A Few Hours in 58 Years
By Adnan Adil

It takes only a few hours to cover the 181 kilometers on the road along the noisy Jhelum river winding through mountains between Srinagar and Muzaffarabad. But it took Kashmiris no less than 58 years to travel this path. A fortnightly bus between the two cities commenced on April 7. It has united the second generation of some Kashmiri families who were separated by the Line of Control (LoC) between the two Kashmirs. Most people from the first generation are already dead having longed all their lives to see their near and dear ones, living on the other side of the LoC.
Abdus Sattar, 70, a shawl trader in main bazaar of Muzaffarabad, says he came to Pakistan all alone leaving his parents and all his siblings in Baramula in 1965 when he worked as a guide to militants. Since then he is settled here and could not go back even to attend the funeral of his father and two brothers. “People may come from thousands of miles, say from America, to attend the final rites of their relatives, but we could not do so despite living at a distance of few hours from our families. Could anything be more cruel than that?” he asked.
The old shawl-seller has now applied for a travel permit, a substitute to passport for travel across the Line of Control through the newly introduced bus. “I just want to see my relatives, my nephews and nieces and their children. I do not have any other desire,” the old man said. The desire to see the blood relations on the other side of the border is overwhelming among the divided families in Kashmir and it cuts across their political affiliations.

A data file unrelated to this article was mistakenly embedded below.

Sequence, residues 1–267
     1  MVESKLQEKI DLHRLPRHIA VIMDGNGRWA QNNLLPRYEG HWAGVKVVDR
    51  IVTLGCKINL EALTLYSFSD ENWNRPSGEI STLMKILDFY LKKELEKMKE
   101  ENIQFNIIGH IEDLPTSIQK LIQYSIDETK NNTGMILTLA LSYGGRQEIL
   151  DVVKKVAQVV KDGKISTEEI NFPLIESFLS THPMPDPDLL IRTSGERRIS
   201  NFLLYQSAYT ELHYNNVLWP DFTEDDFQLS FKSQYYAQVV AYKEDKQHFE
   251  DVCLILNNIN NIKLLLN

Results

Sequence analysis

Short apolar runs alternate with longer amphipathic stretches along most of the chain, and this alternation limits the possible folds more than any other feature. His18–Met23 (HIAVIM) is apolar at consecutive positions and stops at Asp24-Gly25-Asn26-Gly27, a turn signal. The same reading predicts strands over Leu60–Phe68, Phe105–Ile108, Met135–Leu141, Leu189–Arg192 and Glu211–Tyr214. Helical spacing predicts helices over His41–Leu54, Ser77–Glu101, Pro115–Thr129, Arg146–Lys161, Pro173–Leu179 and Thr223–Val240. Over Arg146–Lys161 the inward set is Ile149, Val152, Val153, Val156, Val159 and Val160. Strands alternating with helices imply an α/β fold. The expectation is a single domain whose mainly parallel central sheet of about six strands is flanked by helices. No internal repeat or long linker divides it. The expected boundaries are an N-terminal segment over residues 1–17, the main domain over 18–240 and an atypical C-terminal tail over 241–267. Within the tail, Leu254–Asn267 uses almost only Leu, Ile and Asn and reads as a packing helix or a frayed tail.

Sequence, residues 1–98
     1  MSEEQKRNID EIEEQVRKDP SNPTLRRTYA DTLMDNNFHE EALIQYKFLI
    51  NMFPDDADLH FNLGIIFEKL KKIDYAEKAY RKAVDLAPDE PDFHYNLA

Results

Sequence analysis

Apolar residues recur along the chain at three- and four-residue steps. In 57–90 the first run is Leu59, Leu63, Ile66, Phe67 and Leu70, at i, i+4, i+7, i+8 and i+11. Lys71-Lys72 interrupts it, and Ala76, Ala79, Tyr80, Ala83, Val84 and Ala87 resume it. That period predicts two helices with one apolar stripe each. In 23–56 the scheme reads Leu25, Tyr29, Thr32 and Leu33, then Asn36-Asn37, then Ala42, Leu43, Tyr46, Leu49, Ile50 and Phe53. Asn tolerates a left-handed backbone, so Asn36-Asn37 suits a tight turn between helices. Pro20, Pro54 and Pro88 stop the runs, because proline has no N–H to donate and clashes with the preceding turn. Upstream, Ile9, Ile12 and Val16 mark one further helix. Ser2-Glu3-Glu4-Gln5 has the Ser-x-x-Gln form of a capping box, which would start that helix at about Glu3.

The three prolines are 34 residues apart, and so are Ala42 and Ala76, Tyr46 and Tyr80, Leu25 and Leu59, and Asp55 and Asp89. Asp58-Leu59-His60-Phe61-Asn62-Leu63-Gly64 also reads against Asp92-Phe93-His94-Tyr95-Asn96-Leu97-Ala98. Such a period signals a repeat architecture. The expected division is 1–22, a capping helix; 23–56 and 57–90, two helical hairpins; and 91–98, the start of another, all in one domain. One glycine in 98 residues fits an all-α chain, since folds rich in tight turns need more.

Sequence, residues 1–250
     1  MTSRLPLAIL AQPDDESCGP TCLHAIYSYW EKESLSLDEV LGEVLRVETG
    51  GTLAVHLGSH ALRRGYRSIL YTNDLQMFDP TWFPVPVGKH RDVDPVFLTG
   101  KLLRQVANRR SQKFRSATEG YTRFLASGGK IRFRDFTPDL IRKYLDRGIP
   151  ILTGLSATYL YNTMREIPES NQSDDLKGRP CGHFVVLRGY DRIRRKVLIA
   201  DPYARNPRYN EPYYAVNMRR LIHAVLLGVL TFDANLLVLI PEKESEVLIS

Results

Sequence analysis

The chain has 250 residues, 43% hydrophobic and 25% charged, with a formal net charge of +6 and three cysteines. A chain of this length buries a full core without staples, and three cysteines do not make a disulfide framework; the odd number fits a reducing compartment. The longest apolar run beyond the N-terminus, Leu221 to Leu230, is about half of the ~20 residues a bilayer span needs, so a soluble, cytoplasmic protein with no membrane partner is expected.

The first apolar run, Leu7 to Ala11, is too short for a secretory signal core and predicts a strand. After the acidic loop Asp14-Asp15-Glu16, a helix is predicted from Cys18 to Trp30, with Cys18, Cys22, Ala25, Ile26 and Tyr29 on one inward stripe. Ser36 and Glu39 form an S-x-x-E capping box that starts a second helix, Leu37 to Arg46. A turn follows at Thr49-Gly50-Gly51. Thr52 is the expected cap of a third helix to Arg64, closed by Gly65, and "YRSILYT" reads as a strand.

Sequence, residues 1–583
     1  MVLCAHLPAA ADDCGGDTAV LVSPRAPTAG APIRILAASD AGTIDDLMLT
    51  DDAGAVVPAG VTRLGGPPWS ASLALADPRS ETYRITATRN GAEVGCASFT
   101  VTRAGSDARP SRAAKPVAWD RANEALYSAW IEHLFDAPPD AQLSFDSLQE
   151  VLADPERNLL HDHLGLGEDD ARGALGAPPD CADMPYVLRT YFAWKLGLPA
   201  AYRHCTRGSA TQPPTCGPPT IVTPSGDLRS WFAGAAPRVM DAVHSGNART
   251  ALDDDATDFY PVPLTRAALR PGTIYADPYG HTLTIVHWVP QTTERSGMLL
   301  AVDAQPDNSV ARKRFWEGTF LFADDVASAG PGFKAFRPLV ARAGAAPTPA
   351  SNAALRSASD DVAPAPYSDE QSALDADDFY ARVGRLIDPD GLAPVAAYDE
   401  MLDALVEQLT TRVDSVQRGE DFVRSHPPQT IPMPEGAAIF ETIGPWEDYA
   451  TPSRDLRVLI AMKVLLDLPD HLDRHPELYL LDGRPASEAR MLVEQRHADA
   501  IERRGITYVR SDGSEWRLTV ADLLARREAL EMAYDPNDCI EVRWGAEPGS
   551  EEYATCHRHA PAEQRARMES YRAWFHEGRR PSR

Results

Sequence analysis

In many cases those who were separated at the time of the partition of Kashmir have died, but their children have not forgotten the blood relations on the other side.
Khalid Hussain, one of 19 passengers from Srinagar who arrived in Muzaffarabad through the maiden bus service, said he had come to see the son of his paternal aunt in Mirpur. He was going to see his first cousin for the first time.
Anwer Kamal Gillani stood in front of Pakistan-administered Kashmir’s parliament at Muzaffarabad bus terminal, named Facilitation Center, to receive his paternal aunt and his son, Manzoor, from Uri. They were coming to this part of Kashmir after 55 years. “For us, this is a bigger occasion than Eid. These people are coming after 50-55 years. There are people who have not seen their children left on the other side of the border,” he said.
In Muzaffarabad, by and large people were happy to see the bus plying across the divided Kashmir. When the bus from Muzaffarabad left for Chikothi with passengers for Srinagar, hundreds of people were crowded outside the bus terminal to greet the passengers. Each passenger was seen off by more than one family.
As the bus started moving, it could only do so at a snail’s pace for the first few miles due to the crowd. As it picked up speed on the road to the Line of Control, it was followed by a procession of dozens of cars and jeeps. At several places along the route there were people standing on the sides waving to the passengers. As the passengers crossed Lal Bridge that connects the two parts of Kashmir, some of them kneeled down to kiss the soil.